Is the Phillips Curve a Curve? Some Evidence and Implications for Australia
AbstractThe Phillips curve has generally been estimated in a linear framework. This paper investigates the possibility that the Phillips curve is indeed a curve, and shows that a convex short-run Phillips curve may be a more accurate representation of reality than the traditionally used linear specification. The paper also discusses the policy implications of convexity in the Phillips curve. These include the need for policy to be forward-looking and to act pre-emptively. Convexity provides a strong rationale for stabilisation policy, and it reinforces the need for policy-makers to proceed cautiously. It also implies that deep recessions may have only a marginally greater disinflationary impact than shallower ones, unless they induce large credibility bonuses.
Download InfoIf you experience problems downloading a file, check if you have the proper application to view it first. In case of further problems read the IDEAS help page. Note that these files are not on the IDEAS site. Please be patient as the files may be large.
Bibliographic InfoPaper provided by Reserve Bank of Australia in its series RBA Research Discussion Papers with number rdp9706.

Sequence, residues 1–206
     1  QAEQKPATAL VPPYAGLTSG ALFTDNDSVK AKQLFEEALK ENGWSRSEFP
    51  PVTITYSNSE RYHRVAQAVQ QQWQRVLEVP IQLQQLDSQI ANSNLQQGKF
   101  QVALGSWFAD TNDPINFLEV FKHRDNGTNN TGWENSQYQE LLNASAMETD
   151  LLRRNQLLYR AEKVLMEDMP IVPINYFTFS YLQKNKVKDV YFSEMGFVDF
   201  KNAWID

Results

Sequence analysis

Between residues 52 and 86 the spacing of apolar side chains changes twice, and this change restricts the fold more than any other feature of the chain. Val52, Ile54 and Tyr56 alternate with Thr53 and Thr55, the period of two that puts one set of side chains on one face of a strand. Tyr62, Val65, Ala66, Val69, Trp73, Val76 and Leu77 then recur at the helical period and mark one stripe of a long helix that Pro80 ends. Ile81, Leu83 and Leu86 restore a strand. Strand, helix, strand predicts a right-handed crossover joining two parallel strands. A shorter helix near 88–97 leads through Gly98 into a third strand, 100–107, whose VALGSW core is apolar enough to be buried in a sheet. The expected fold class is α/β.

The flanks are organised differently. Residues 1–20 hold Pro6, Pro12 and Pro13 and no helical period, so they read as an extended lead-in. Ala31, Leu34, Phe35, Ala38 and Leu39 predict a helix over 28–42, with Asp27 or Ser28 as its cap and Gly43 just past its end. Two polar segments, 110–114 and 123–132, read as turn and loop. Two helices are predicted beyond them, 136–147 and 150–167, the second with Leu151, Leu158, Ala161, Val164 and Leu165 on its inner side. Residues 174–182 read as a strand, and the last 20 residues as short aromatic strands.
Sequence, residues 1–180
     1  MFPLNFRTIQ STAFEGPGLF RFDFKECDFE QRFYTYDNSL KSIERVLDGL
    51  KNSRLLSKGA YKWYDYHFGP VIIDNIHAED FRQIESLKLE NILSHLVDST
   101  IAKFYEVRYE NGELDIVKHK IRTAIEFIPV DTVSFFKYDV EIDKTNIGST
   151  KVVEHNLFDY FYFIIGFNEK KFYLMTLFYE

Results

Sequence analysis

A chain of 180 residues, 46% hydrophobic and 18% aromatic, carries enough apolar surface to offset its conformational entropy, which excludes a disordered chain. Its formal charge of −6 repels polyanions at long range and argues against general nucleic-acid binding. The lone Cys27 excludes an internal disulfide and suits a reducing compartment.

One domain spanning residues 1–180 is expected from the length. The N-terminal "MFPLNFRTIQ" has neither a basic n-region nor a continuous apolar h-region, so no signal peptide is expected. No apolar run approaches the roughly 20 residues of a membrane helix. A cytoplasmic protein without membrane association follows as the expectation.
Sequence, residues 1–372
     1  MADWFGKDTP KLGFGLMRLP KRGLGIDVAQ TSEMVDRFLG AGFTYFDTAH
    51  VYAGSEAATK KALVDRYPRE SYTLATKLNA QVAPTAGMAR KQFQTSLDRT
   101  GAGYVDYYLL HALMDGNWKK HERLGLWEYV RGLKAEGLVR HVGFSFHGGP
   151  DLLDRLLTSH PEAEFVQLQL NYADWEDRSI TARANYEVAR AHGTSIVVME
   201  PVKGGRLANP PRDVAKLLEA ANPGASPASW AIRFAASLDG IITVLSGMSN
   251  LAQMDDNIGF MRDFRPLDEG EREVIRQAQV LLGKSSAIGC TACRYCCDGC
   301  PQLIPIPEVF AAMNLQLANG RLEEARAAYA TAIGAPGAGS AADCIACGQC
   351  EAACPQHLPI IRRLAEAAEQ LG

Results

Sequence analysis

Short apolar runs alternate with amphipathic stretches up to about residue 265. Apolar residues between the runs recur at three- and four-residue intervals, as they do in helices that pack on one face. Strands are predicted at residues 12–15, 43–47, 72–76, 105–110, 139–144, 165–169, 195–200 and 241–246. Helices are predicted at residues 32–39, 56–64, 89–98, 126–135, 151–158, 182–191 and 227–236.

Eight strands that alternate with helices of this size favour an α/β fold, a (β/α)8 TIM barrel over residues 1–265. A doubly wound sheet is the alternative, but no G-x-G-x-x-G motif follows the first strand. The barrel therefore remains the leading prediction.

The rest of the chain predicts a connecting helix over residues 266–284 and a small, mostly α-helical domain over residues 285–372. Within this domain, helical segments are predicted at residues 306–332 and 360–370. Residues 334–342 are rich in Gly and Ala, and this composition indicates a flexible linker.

Date of creation: Oct 1997
Date of revision:
Other versions of this item:
- Debelle, Guy & Vickery, James, 1998. "Is the Phillips Curve a Curve? Some Evidence and Implications for Australia," The Economic Record, The Economic Society of Australia, vol. 74(227), pages 384-98, December.
- E24 - Macroeconomics and Monetary Economics - - Macroeconomics: Consumption, Saving, Production, Employment, and Investment - - - Employment; Unemployment; Wages; Intergenerational Income Distribution
- E31 - Macroeconomics and Monetary Economics - - Prices, Business Fluctuations, and Cycles - - - Price Level; Inflation; Deflation
- E52 - Macroeconomics and Monetary Economics - - Monetary Policy, Central Banking, and the Supply of Money and Credit - - - Monetary Policy
You can help add them by filling out this form.
CitEc Project, subscribe to its RSS feed for this item.
This item has more than 25 citations. To prevent cluttering this page, these citations are listed on a separate page. reading list or among the top items on IDEAS.Access and download statisticsgeneral information about how to correct material in RePEc.
For technical questions regarding this item, or to correct its authors, title, abstract, bibliographic or download information, contact: (Paula Drew).
If references are entirely missing, you can add them using this form.